Thesis project shares stories of older women in insecure housing
'One woman actually said ... my expiry date has come and gone,' says researcher
A Halifax master's student is highlighting the experiences of older women in the municipality who struggle to find safe, secure and affordable places to live.
Kelly O'Neil spent time with 11 women between the ages of 54 and 74 for her thesis for Mount Saint Vincent University's degree in family studies and gerontology. She wanted to hear first-hand what it's like to deal with unstable housing situations.
But instead of presenting her sober findings in a traditional thesis format, she also created a hand-drawn booklet that she hopes inspires decision-makers to actually fix the problem.
All of the women she spoke with live on a limited income. Some had been homeless in the past, escaped violent relationships or survived childhood abuse.
"You hear about this idea of invisibility," O'Neil told CBC's Information Morning. "This sort of recurring theme of feeling disconnected.… One woman actually said, you know, my expiry date has come and gone."
O'Neil said some of the women told her that they don't feel safe where they live.
"So not feeling safe in the neighbourhood, having ongoing conflict with the neighbours, feeling threatened or challenged by landlords, or made uncomfortable by landlords or property owners," O'Neil said.
Still, she was surprised that so many found a way to make a bad living situation better.
"It shows the resourcefulness of women in dealing with really less than ideal — far less than ideal — circumstances, but also really draws attention to why should they have to be resourceful?" said O'Neil.
O'Neil's work is especially needed now that Halifax is in the middle of an affordability crisis, said Claudia Jahn, director of community housing development with the Affordable Housing Association of Nova Scotia.
She also advised O'Neil on her thesis.
The rental vacancy rate in Halifax is at a record low 1.6 per cent, and the provincial NDP has called for action now that 20 per cent of households spend more than 50 per cent of their income on rent and utilities.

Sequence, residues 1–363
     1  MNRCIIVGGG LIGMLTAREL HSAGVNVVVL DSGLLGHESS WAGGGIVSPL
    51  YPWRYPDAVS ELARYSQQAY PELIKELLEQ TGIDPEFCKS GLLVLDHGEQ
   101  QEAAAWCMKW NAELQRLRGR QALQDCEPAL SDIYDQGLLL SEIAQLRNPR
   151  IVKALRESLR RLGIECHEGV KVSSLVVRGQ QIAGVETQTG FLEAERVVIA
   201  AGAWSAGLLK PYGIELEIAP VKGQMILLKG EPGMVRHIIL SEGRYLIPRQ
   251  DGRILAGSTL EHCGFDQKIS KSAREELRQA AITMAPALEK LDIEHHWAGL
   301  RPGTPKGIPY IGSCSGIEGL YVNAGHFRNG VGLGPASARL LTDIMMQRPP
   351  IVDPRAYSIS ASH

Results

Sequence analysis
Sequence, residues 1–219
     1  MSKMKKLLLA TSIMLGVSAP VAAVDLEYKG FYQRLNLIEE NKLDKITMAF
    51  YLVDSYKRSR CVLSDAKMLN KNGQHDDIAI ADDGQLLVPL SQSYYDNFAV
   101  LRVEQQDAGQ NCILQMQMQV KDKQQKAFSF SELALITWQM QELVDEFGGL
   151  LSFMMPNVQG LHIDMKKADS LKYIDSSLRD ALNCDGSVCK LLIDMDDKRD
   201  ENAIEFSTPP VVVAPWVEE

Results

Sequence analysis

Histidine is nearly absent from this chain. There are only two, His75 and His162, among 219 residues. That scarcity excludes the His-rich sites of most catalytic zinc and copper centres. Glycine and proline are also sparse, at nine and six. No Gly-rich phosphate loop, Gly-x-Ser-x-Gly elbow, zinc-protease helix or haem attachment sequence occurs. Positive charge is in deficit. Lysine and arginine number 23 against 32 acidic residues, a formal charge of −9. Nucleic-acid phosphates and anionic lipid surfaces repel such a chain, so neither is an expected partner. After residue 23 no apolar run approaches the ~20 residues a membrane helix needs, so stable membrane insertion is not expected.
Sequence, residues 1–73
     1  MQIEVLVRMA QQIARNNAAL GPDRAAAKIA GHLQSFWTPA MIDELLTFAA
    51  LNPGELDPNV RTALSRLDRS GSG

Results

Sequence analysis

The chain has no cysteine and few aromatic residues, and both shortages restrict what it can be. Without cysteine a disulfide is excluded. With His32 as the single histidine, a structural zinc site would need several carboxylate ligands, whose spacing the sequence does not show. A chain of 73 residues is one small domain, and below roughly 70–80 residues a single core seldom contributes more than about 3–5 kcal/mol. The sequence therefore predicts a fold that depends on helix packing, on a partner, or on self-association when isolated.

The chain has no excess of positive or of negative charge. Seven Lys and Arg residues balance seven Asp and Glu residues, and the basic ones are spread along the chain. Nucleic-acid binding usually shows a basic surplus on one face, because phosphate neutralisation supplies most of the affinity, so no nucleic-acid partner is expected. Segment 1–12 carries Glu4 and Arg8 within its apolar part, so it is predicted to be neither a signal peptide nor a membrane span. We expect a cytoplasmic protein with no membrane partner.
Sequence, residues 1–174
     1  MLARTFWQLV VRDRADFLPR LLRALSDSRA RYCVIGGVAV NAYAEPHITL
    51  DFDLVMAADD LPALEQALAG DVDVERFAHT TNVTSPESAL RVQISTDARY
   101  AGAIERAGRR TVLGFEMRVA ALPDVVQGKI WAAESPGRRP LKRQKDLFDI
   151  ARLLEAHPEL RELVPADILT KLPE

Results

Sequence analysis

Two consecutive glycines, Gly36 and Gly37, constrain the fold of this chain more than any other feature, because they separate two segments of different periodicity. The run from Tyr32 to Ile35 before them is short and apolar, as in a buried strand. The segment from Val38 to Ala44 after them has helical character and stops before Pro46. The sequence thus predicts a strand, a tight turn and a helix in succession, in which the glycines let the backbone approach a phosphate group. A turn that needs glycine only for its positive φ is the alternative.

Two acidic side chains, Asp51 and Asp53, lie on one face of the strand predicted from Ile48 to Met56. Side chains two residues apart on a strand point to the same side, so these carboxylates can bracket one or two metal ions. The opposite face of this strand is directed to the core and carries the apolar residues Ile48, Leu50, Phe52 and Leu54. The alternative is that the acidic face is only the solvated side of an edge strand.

She said finding adequate housing isn't just a problem for older women.
For those with children, it can be especially hard to find an affordable place to live, she said.
The stigma is such a problem that the Nova Scotia Human Rights Commission issued a warning this summer to landlords who refused to rent to families with children.
"Women with children are less mobile than men are because they are bound by a school district and don't want to move their children. So they are always tied to that community," she said.
Some women might stay in a dangerous housing situation for the sake of their children, Jahn added.
"They don't want to uproot the children out of their schools, circle of friends, relatives. So making that step into a shelter is really the last, last resort."
Jahn has been working on housing affordability across the province since 2003, and said things have only gotten worse as public housing deteriorates and rental prices soar.
All the while new affordable buildings aren't being put up fast enough, she said.
"Tweaking the system just a little bit here and there isn't really doing any justice for the severity of the issue," Jahn said.
Both O'Neil and Jahn say for too long people tasked with creating more, and better, affordable housing don't engage with the people who actually need it.
That's the idea behind Home for Good, a joint project by Alice House, the Elizabeth Fry Society, the Marguerite Centre and YWCA Halifax. The three-year initiative looks at the barriers women face once they leave supportive housing programs.
In 2017, the groups interviewed 22 women between the ages of 19 and 60.
What they found, said project manager Charlene Gagnon, is that the province needs an approach to housing that recognizes the needs of women as different from the needs of men.
"The programs that don't apply that gender lens, they really don't take into account things like women's economic security, being the leaders of single-income households with children and histories of trauma," said Gagnon, who travelled to Edmonton earlier this month to share the groups' work at the Canadian Alliance to End Homelessness.
The project will officially wrap up in January 2020, but Gagnon said the work is really just beginning.
The non-profits are now developing next steps, like credit counselling programs for women and online training for landlords to better understand what women renters face.
Like O'Neil, the researchers used animation to share the participants' stories.
"These are women who've worked really hard to go through programs," Gagnon said. "They're told in their programming to be proud of where they come from and be proud of who they are, and then when they go tell their stories to landlords that actually becomes a barrier to them."
"That stigma is really alive and well in the province, and it's traumatizing in itself."
O'Neil's creative approach to her research earned her the best thesis of the year at her university.
But for her, the real victory will be seeing her work translate into action.
"I hope this would at the very least just generate an awareness that these women exist and are among us and have been huge parts of community life that maybe we don't value enough," she said.
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With files from CBC's Information Morning